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The Talmud vs. the Supreme Court Decision Overturning Roe v. Wade

by Paul Levinson 2 months ago in supreme court
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Is the First Amendment's "Establishment" Clause Being Violated?

The Jewish Talmud generally holds that life begins with the first breath (see, for example, When Does Life Begin? A Jewish View). What would this mean for a Jewish woman who wants to have an abortion in a state in which abortion is banned, due to yesterday's U.S. Supreme Court decision?

If she is denied the right to have an abortion, due to the Supreme Court's decision based on the Christian view that life begins with conception, is she not having her Jewish religious belief overridden by a Christian doctrine adopted by the Supreme Court of the United States? And would this not be a blatant violation of the First Amendment to our Constitution, and its separation of church and state, mandated in the clause, "Congress shall make no law respecting an establishment of religion"?

This is the essence of Florida Rabbi Barry Silver's suit against Florida's recently enacted 15-week ban on abortion. As Silver explains, "when life begins is radically different for Jews than it is for the people that wrote this law.”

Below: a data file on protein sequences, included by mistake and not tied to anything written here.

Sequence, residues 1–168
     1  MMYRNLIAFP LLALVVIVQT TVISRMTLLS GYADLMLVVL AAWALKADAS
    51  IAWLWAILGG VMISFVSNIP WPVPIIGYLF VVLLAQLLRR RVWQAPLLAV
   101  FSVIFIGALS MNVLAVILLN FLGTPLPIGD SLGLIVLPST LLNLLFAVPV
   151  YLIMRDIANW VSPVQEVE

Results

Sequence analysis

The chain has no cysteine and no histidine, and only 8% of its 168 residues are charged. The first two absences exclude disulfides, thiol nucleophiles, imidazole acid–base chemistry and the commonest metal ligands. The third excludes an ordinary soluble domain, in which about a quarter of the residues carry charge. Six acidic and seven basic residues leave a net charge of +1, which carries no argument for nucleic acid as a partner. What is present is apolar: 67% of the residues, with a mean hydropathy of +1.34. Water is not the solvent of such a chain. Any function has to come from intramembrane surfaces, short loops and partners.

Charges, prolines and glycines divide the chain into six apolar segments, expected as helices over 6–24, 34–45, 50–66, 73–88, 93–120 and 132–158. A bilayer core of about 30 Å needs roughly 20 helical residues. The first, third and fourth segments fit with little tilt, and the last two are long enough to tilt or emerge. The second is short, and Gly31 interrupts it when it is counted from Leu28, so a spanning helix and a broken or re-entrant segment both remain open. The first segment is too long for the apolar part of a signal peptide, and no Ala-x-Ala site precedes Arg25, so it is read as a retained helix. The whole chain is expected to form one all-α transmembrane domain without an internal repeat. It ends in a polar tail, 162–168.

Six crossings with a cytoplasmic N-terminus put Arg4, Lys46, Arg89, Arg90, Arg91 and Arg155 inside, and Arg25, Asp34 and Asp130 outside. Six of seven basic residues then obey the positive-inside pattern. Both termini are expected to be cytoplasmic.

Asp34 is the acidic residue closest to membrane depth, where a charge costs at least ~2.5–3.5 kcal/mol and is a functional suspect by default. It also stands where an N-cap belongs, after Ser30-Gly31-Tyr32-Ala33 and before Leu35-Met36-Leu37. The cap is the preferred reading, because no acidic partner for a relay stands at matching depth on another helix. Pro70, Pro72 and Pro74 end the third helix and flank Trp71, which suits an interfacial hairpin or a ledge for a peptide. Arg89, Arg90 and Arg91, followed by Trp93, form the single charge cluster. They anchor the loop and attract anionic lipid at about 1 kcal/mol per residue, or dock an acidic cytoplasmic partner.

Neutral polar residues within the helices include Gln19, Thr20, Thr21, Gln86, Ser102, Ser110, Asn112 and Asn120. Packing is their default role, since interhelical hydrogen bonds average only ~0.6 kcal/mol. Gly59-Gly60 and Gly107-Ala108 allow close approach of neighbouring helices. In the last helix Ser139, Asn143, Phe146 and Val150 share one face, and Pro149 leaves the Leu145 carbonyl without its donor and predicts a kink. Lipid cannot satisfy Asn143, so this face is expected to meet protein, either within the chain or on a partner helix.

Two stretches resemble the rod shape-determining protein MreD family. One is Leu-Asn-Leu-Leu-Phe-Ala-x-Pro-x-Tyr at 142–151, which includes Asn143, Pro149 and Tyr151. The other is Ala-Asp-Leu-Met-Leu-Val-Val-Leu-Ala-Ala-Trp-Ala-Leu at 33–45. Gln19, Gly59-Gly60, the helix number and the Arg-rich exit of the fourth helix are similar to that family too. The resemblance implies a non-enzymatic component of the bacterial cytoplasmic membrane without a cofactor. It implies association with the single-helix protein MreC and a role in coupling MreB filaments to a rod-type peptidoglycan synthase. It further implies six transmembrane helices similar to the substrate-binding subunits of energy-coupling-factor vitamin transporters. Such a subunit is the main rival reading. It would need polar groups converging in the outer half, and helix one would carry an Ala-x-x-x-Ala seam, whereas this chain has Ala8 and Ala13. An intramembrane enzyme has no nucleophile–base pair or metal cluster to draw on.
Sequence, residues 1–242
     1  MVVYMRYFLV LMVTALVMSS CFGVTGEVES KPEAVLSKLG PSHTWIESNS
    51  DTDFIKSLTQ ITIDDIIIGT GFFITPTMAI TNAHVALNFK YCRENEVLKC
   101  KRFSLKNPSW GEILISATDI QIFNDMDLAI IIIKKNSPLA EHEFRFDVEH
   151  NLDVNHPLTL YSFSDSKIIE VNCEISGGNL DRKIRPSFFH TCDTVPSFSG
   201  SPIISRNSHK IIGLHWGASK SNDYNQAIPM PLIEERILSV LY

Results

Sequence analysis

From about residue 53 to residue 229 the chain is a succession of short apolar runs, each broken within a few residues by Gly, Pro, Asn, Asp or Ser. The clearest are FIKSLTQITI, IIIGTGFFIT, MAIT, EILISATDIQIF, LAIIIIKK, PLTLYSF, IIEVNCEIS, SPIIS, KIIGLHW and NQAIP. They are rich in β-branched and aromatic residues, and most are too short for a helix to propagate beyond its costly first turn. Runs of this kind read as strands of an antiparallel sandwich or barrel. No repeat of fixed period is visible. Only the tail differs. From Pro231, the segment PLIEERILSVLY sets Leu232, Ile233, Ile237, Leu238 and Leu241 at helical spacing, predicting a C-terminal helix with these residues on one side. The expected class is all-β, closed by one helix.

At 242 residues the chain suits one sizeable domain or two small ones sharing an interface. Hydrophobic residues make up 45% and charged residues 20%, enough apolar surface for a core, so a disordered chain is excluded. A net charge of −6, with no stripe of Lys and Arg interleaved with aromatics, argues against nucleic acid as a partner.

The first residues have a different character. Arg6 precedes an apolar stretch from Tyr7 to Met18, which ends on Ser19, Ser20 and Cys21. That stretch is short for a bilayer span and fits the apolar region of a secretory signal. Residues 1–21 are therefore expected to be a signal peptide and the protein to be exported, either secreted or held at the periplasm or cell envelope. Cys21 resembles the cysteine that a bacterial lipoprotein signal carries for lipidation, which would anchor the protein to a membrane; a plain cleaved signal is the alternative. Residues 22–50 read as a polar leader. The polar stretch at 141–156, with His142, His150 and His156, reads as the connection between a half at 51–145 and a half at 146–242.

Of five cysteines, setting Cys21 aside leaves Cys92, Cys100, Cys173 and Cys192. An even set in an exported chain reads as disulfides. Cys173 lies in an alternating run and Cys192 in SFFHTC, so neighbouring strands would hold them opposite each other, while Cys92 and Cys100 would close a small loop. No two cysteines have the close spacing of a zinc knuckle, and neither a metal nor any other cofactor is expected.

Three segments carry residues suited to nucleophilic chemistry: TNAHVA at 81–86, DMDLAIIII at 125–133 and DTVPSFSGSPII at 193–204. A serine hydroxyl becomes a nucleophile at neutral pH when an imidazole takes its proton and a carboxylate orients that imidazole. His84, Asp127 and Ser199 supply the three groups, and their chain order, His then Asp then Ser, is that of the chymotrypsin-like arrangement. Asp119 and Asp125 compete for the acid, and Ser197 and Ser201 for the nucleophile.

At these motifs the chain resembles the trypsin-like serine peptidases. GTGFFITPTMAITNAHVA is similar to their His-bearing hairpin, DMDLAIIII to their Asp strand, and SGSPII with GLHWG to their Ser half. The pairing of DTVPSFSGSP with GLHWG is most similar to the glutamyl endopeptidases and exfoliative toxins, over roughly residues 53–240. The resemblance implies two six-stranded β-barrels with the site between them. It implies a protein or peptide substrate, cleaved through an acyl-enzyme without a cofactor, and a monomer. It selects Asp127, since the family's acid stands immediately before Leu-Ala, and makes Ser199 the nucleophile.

Ultimately, the only way to reliably safeguard the rights of women over their bodies is to elect 54 Democrats to the Senate. With two Democrats, Manchin and Sinema, almost certain to vote against lifting of the filibuster, that leaves 50 Senators to vote in favor of that. VP Harris can break the tie, which opens the possibility of expanding the number of Justices on the Supreme Court, by Congress and President Biden.

Before then, it will be instructive to see what happens when Rabbi Silver's suit lands in the current Supreme Court. Will they choose to ignore the separation of church and state required by the First Amendment?

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About the author

Paul Levinson

Paul Levinson's novels include The Silk Code & The Plot To Save Socrates; his LPs Twice Upon A Rhyme & Welcome Up. His nonfiction including Fake News in Real Context, The Soft Edge, & Digital McLuhan have been translated into 15 languages.

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